“What happens if you privatize prisons is that you have a large industry with a vested interest in building ever-more prisons.” -- Molly Ivins, 2003

Private prison guard caught sleeping on the job

Willacy County Regional Detention Facility
A private prison guard was photographed sleeping while guarding an inmate in a Texas hospital, reports KRGV 5 news.

 

The unnamed guard worked at the Willacy County State Jail, which is operated by the private prison company CoreCivic (formerly known as Corrections Corporation of America). The guard was watching over a prisoner on August 1 at the Valley Baptist Medical Center in Harlingen, Texas. CoreCivic launched an investigation into the incident following the picture, and had this to say:

 

"We can confirm that the photograph is of a CoreCivic/Willacy County State Jail correctional officer and this is certainly a behavior we do not condone. Due to the serious nature of his behavior and numerous policy violations, the employee has been terminated from his position with the company effective immediately.”

 

Unfortunately, this is not the first issue around the Willacy County Jail. In 2015, an uprising by prisoners due to inadequate medical care caused fires that led to the closing of the facility. Then, in November of 2016, two former guards were charged with bribery. Both guards were found guilty and were sentenced to jail time.

 

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Dozens are transferred to a private prison referred to as "Hell"

The Department of Homeland Security (DHS) is transferring dozens of women to a private prison in Texas, reports Buzzfeed News.

 

A spokesperson with DHS confirmed that the department had begun transferring women from a facility operated by CoreCivic in New Mexico. That facility is closing due to a consistently low number of prisoners. The women will be transferred to the West Texas Detention Facility, located in Sierra Blanca, Texas. Human rights activists said that the transfers began without DHS notifying the attorneys who represent the women being transferred.

 

The prison has been operated by numerous private companies since 2015, including Emerald Correctional Management and LaSalle Corrections. Last year the U.S. Marshals began to monitor conditions at the prison following prisoners’ complaints of inhumane treatment.  

 

In May, Martín Méndez Pineda, a Mexican journalist, was detained in the Sierra Blanca facility after seeking asylum in the U.S. Pineda decided to "self-deport" instead of staying at the facility. Pineda wrote an op-ed for the Washington Post in which he made numerous complaints against the facility, and aptly described it as “Hell.”

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Thousands of sweltering prisoners to be moved to air-conditioned units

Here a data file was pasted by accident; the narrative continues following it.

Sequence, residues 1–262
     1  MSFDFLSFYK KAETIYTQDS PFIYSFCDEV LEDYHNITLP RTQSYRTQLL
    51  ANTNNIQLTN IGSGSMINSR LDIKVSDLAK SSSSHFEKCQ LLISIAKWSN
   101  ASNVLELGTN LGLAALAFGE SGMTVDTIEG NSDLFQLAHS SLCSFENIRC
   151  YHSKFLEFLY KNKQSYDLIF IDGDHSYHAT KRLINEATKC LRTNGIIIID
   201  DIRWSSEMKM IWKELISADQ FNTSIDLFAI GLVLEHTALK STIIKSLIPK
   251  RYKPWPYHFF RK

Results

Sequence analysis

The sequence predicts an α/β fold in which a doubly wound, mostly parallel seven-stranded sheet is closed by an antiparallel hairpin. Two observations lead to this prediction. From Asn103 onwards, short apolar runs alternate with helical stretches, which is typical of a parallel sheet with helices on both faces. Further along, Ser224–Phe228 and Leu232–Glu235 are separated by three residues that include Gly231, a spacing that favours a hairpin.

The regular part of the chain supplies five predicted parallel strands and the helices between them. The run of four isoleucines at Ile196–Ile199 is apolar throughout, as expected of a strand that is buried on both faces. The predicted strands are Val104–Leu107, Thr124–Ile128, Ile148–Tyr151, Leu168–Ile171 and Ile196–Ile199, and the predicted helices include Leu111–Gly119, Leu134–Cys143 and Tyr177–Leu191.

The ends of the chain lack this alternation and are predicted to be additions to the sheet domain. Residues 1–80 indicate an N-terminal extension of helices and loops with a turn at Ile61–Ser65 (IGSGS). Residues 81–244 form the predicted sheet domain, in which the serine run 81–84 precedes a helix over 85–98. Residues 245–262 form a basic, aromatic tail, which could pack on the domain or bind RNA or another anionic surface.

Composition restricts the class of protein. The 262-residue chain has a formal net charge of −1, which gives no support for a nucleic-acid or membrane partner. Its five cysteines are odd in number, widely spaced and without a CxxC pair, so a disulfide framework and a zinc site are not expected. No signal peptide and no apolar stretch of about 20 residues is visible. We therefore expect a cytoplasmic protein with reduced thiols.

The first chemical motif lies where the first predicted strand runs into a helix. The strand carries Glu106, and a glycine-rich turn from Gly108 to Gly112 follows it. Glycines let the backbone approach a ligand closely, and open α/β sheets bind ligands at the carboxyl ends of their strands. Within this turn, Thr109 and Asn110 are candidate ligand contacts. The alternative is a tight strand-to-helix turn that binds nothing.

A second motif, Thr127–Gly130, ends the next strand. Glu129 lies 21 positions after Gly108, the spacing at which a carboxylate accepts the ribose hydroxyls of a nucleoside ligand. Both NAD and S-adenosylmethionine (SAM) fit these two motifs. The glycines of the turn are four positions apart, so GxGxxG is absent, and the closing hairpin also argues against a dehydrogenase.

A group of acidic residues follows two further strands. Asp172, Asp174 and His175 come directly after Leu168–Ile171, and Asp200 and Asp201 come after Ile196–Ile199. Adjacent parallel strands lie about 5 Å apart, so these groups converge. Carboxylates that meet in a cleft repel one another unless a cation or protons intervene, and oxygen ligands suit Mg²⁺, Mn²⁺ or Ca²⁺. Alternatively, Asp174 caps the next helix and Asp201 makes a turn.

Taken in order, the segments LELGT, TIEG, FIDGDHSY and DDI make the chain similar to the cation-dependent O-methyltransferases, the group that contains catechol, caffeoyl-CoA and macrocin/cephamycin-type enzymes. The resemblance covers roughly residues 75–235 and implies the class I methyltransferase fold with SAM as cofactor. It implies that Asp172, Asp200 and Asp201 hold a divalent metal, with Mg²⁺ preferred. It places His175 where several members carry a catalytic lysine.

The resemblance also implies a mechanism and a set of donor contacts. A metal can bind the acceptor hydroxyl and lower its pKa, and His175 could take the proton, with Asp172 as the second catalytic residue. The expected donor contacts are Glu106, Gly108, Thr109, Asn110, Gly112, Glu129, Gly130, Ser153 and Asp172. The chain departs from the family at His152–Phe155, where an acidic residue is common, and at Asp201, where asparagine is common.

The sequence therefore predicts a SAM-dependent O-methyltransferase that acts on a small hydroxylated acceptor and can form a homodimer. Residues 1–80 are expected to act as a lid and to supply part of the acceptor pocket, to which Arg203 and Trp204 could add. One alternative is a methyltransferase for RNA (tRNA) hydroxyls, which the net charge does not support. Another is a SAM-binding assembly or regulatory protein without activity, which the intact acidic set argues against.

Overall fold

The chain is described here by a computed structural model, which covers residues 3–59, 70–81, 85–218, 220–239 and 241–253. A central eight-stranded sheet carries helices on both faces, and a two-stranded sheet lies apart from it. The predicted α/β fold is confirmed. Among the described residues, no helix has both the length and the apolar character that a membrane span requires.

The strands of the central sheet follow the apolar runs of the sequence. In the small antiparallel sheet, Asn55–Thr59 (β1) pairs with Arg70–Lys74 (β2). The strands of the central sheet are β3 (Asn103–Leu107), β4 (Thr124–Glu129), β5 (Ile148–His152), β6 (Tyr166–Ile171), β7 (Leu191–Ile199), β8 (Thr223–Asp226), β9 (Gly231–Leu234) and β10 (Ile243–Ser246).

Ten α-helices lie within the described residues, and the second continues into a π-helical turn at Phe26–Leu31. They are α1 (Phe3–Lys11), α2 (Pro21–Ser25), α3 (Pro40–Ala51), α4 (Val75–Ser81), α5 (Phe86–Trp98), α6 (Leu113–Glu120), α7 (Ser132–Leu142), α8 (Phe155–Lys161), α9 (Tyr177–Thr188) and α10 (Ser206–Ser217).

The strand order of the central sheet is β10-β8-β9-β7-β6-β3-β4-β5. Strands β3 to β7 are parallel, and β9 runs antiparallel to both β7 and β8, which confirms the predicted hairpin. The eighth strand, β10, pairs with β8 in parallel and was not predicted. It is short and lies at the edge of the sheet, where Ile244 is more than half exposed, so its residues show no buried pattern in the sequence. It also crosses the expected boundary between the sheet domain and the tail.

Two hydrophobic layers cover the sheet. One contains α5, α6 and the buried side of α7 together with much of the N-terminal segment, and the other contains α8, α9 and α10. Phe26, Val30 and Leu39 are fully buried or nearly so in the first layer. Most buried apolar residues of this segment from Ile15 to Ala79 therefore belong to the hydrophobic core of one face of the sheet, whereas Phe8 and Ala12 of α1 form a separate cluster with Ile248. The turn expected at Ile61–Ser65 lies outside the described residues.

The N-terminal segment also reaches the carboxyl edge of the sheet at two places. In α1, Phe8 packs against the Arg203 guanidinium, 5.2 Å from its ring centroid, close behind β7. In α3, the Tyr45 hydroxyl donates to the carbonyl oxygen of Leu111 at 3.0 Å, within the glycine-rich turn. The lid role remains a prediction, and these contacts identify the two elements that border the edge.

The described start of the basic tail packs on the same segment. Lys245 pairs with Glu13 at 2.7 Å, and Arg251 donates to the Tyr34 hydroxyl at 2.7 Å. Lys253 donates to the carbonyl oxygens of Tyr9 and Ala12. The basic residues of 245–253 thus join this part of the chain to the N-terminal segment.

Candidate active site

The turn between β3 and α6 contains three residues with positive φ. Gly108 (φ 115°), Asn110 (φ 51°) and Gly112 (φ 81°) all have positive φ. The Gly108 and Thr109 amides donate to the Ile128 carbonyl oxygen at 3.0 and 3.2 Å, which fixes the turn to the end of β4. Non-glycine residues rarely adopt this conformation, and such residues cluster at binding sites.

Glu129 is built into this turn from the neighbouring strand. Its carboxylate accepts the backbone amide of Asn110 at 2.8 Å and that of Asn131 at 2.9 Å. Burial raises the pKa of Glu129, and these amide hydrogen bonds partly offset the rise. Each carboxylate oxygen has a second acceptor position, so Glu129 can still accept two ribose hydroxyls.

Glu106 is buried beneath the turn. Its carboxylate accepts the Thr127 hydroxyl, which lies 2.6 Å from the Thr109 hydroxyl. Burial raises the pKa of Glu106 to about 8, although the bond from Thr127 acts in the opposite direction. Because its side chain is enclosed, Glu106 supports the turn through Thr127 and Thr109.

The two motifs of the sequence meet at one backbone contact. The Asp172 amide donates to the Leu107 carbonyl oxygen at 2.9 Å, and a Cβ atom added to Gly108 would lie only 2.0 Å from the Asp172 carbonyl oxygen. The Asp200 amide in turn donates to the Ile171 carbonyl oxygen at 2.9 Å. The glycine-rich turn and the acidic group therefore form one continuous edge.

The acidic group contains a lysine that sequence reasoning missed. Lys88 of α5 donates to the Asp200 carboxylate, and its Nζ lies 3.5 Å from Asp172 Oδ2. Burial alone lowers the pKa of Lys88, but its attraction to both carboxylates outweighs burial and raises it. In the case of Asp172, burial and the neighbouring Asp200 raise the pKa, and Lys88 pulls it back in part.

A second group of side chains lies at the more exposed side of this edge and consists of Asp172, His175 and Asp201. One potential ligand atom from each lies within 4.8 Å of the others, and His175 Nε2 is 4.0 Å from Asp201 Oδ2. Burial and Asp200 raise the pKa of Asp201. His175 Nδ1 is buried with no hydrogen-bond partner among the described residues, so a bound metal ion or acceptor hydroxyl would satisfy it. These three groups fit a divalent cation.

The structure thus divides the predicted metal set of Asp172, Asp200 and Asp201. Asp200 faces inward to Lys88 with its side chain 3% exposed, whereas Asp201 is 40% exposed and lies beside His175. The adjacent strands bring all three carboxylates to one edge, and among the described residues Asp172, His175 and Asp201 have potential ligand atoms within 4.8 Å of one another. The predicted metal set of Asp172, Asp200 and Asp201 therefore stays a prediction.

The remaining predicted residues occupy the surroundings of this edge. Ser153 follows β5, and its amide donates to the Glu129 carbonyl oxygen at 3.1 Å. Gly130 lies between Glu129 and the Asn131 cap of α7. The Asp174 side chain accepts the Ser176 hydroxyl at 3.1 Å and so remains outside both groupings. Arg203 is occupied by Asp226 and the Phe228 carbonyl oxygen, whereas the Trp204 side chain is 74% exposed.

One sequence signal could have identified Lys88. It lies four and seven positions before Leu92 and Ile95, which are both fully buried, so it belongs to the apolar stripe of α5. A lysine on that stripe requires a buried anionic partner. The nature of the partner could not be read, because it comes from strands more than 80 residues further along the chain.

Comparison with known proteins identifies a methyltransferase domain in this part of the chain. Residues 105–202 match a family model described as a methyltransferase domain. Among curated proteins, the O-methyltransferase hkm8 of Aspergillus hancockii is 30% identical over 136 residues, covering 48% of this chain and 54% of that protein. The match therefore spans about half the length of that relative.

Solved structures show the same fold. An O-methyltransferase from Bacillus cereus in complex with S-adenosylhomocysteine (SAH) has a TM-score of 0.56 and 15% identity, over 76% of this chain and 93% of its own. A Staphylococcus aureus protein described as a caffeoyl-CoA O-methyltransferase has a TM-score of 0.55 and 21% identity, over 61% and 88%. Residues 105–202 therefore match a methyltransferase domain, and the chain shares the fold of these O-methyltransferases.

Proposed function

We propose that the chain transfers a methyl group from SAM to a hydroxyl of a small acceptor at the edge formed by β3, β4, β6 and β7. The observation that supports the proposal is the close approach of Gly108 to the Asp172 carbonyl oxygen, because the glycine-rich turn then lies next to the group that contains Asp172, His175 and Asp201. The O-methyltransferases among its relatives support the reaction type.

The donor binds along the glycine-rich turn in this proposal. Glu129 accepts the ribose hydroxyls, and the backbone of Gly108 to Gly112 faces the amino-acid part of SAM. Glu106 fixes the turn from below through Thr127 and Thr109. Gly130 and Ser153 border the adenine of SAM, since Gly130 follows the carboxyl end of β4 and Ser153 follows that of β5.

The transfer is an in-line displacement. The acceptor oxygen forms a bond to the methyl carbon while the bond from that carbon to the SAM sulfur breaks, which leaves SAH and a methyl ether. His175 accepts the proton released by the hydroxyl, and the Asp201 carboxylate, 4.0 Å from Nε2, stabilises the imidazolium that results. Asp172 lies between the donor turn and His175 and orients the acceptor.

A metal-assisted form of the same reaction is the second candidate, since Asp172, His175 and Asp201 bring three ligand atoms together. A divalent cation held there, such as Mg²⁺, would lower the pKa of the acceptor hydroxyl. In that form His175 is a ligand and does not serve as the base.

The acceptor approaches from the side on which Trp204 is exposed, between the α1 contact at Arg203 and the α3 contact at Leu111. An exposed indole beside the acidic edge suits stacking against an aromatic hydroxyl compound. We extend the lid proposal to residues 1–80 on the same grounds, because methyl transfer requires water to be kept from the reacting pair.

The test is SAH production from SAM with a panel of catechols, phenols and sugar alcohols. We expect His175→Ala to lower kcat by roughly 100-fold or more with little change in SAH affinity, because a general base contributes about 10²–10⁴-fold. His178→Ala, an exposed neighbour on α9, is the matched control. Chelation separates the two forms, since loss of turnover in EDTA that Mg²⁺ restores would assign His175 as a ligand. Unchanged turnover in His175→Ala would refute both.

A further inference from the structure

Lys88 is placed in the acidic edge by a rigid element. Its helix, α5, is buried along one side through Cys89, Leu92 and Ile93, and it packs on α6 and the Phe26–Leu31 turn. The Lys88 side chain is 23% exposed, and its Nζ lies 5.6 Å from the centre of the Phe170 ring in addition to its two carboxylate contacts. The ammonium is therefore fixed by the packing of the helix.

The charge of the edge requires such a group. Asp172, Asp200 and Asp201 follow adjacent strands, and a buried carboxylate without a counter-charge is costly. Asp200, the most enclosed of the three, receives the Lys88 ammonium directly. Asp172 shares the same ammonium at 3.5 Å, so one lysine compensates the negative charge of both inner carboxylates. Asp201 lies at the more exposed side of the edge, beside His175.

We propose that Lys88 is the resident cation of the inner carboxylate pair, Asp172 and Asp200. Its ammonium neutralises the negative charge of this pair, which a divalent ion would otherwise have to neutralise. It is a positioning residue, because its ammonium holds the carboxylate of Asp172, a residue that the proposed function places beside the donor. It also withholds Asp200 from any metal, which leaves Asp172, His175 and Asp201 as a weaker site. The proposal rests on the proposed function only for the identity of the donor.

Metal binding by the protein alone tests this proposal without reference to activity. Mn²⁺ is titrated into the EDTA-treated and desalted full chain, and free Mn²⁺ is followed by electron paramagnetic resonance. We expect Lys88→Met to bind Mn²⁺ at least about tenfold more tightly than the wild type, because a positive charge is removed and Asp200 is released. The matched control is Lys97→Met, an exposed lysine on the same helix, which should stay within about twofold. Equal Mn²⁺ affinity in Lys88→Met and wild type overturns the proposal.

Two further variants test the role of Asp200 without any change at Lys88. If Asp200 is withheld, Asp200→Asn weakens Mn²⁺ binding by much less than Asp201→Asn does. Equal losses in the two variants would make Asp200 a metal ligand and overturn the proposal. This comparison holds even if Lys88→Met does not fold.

In Houston, a federal judge approved moving more than one thousand prisoners to various private prisons that have air conditioning, reports the Texas Tribune.

 

The judge signed off on Texas' court-ordered proposal to move medically sensitive prisoners from the Texas Department of Criminal Justice's (TDCJ) Pack Unit, which has no air conditioner. The proposal was ordered in July following a judge’s ruling that air conditioning must be provided for vulnerable inmates. The judge also stated that TDCJ was "deliberately indifferent" to the risk of harm prisoners face at the scorching prison.

 

In Texas, almost 75 percent of prisons and state jails do not have air conditioning in prisoners’ living areas. Some prisons, including the Pack Unit, regularly reach above 100 degrees. Prisoners filed a class-action lawsuit against TDCJ that points to at least 23 heat-related deaths since 1998. The prisoners argue that housing should be kept at 88 degrees maximum.

 

The majority of these prisoners will be moved to the Diboll Unit, which is operated by Management and Training Corporation, a Utah-based private prison company. Others will be transferred to the Travis County State Jail. Two hundred other prisoners will be transferred to nine different units across Texas. Unfortunately, the transfer of prisoners means that some prisoners will be transferred from facilities with air conditioning to those without it, such as the Pack Unit.

 

Jeff Edwards, lawyer for the prisoners at the Pack Unit, believes the transfers could happen more quickly than the two to three weeks TDCJ planned. He also said that the case was not over, hopes to find relief for all prisoners and staff in the Texas prison system, not just at Pack Unit. "It’s our hope that [TDCJ] will join us in the 21st century."

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For-profit transitional home won't pay their bills

A for-profit transitional home in Dallas County has not paid the county for emergency medical help since last October, reports Fox 4 News.

 

The Avalon Dallas Transitional Home, which houses individuals recently released from prison with no place to live, has made excessive 911 calls for medical aid. However, the for-profit company that operates the facility, CoreCivic (formerly called Corrections Corporation of America), has yet to pay Dallas County for the aid.

 

John Wiley Price, a commissioner in Dallas County, is angry that the private prison company has not paid its bills to county, despite getting paid hundreds of thousands of dollars from the state. Fox News 4 obtained documents showing that between October 2016 and July 2017, 243 emergency calls were made from the Avalon Dallas Transitional Home. Each time a Dallas County ambulance responded to one of these calls, it cost $450. The total cost of the calls in that period amount to $222,900. The county has yet to see a penny of that.

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